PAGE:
The Controversial Ingredients In Starbucks' Original Pumpkin Spice Lattes

Those of us who look forward to the annual autumnal return of the pumpkin spice latte have Starbucks' own Peter Dukes, now the company's Director of Urban Markets, to thank for the iconic beverage. In 2003, Dukes and his team developed a pumpkin-flavored sauce said to be enhanced with spices that included cinnamon, clove, and nutmeg. The original drink was a hit from the get go, yet the PSL became the center of controversy when Starbucks refused to come clean about everything that went into the drink . And when fans eventually found out, they saw red instead of pumpkin orange.

Turns out, the beloved beverage in its initial form was made with a cocktail of chemicals that included caramel color class IV, which bears no relation to actual caramel, but which has been linked to lung cancer and leukemia in mice; it has even been identified as a potential cancer-causing agent for humans, according to a study conducted by PLOS One. The original pumpkin syrup also contained carrageenan, which has been linked to gut problems, and preservatives linked to allergies. While a grande PSL comes packed with what looks like a manageable 390 calories, The Center for Science in the Public Interest points out that the drink packs 50 grams of sugar; 32 grams (about 7 ½ teaspoons) of which are added to the drink. To add insult to injury, the original pumpkin spice syrup didn't even have any real pumpkin.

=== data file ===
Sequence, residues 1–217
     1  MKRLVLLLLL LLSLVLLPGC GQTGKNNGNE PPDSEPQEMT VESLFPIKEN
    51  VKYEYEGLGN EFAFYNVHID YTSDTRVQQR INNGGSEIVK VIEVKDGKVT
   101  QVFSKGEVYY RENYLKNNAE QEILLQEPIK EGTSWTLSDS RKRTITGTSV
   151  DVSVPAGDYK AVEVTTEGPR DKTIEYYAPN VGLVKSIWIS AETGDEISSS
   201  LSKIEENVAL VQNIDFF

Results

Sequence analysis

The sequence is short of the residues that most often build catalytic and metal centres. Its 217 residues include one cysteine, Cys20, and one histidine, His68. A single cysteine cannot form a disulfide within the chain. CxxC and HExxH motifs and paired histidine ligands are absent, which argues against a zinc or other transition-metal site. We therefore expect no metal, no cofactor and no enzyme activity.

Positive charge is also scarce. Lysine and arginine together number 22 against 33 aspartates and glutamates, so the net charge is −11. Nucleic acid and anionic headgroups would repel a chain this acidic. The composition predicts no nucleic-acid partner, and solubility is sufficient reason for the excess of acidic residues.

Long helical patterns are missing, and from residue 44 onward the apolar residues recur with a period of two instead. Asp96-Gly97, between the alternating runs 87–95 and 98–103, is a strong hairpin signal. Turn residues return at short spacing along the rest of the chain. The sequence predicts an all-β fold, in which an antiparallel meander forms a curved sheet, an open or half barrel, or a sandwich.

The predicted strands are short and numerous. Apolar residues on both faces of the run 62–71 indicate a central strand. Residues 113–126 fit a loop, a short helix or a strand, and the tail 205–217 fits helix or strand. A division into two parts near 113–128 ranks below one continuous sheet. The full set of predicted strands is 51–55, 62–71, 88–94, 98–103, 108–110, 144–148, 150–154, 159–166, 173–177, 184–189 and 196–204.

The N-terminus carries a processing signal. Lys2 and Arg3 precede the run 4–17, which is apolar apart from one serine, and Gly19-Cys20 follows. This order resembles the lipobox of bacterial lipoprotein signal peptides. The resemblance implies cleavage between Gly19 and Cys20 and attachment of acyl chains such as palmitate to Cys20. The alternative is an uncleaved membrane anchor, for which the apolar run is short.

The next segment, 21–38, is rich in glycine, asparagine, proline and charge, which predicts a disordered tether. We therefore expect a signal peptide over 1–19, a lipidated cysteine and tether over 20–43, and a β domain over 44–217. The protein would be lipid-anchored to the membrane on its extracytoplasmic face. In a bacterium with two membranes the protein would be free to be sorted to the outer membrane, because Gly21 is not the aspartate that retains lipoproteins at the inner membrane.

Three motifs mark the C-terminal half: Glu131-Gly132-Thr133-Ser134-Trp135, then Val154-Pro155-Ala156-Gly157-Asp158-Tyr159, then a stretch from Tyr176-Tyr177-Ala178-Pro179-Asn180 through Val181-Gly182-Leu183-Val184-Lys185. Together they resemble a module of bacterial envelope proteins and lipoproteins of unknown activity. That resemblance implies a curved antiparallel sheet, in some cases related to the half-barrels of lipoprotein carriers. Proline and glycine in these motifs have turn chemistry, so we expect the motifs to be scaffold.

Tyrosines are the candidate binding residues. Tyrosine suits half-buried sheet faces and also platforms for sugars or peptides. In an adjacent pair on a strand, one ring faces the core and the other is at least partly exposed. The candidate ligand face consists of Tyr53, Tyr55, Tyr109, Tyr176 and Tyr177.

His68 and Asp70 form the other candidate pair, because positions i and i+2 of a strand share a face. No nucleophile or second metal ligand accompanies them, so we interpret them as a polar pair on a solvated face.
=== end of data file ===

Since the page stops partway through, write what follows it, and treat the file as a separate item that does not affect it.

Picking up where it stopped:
It took years for Starbucks to make a change to its pumpkin spice lattes

It would take more than a decade for Starbucks to finally go back to the drawing board to redesign the drink. In 2015, faced by complaints over the chemicals and the sugar content, the company rolled out what it said was a new and improved syrup, claiming the changes gave the drink's popularity an even bigger boost. Among the changes: the gradual removal of the controversial caramel coloring in favor of vanilla syrup, as well as the addition of "some" pumpkin puree. In announcing the change, the company's vice president of Brand and Product Marketing, Thomas Prather, told CBS that the controversy was good because it "woke up the industry a bit to look inside and say, 'How can we have cleaner ingredients?'"

While there is now at least some pumpkin puree in a Starbucks PSL, critics say it isn't any better for you than the original syrup was. Of course, there's nothing wrong with enjoying a Starbucks PSL from time to time, but nutrition advocates say you're probably better off making the drink at home. Starbucks itself offers up a homemade recipe for its pumpkin spice syrup made of sugar, water, cinnamon, cloves, ginger, nutmeg, and pumpkin puree, with none of the controversial ingredients. Even though it might not taste exactly the same, chances are it will be better for you.